That should give you a pretty good idea of the meaning of this card. It's about setting aside one's comfortable life in search of something more -- more meaning in life, perhaps, or a deeper spirituality.

Right now, I just want to get out of Dodge. I've had two careers so far (not counting the indie author thing), and in both of them, I felt dinosaur breath on the back of my neck by the time I got out. By 1998, radio news had already consolidated to just six major players (ABC, CBS, NBC/Mutual, NPR, and the Associated Press), and with the merger of the NBC/Mutual Radio and CBS Radio newsrooms, it went down to five. The job I had still exists, but fewer and fewer people do it.

Now, the position of legal secretary appears to be going away. Law firms want to pass on as many of their costs of doing business as possible to their clients, but the clients won't pay for admin costs. The solution, at least at our firm, has been to transition anything that can be even remotely described as "legal" to paralegals, who bill their hours exactly as attorneys do. Well, they charge less than attorneys do, but you get the idea.

So my job as a legal secretary had devolved from a 50-50 split of interesting work and mundane admin stuff to almost 100 percent mundane admin stuff. And when we shut down due to the virus, a lot of the admin tasks dropped away. I can't answer attorney phones from a virtual phone. There are no catered meetings to plan when everyone is working from home. There's no travel to book, as no one has been traveling -- which means there are no expense reports to create, either. Not that I missed doing any of that stuff, mind you, but the shutdown has made it obvious that the firm can get by with fewer secretaries. My job, specifically, was never in jeopardy. But I wasn't interested in having additional mundane work loaded onto my plate as other secretaries left the firm.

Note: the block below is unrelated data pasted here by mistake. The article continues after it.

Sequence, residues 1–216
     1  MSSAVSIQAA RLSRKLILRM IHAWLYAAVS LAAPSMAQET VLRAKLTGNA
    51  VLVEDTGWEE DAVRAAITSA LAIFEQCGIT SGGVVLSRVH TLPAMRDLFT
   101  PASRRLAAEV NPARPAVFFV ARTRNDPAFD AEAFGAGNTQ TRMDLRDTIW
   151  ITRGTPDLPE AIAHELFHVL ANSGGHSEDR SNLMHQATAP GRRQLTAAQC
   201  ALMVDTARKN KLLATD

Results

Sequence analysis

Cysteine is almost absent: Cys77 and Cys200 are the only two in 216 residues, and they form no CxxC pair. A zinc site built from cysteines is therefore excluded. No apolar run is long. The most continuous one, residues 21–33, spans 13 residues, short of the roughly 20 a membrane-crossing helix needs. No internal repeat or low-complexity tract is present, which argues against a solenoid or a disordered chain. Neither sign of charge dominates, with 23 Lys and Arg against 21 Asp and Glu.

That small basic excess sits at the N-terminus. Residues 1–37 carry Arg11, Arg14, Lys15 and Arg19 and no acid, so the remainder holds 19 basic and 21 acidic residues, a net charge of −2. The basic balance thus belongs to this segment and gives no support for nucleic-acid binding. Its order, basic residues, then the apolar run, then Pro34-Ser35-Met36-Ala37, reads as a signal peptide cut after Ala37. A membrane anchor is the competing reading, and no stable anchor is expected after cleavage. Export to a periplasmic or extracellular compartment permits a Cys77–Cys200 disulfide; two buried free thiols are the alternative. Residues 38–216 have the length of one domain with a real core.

In short, it was time to move on. Friday was my last day. Tomorrow, I turn my back on DC and hit the road. It's going to be wonderful.

***
I won't have internet turned on at the new place by next Sunday, so I won't blog to you again until August 9th, the week after Lughnasa. I'll tell you all about the trip, and the new place, then. In the meantime, have a fabulous First Harvest!

***
These moments of bloggy momentum have been brought to you, as a public service, by Lynne Cantwell. Wear a mask! Practice social distancing! Wash your hands!

Monday, July 20, 2020

The saga's denouement.

Denouement is not a word that gets thrown around in casual conversation very often, if ever. It comes from French, of course. It's the point in any story where the peak of the rising action has crested, and the effects of everything that has gone before come clear. There's more to the story after the denouement, but it's all mopping up -- resolving the last few loose ends and, in a series of novels, setting the stage for the next volume.

The long-running saga I'm talking about today is my Big Move West, which has felt a little like frozen tableau since early June. I blogged last week about some of the details, including the back-and-forth over my job status, and the lengthy wait for that fun stripey chair.

ehrlif | Deposit Photos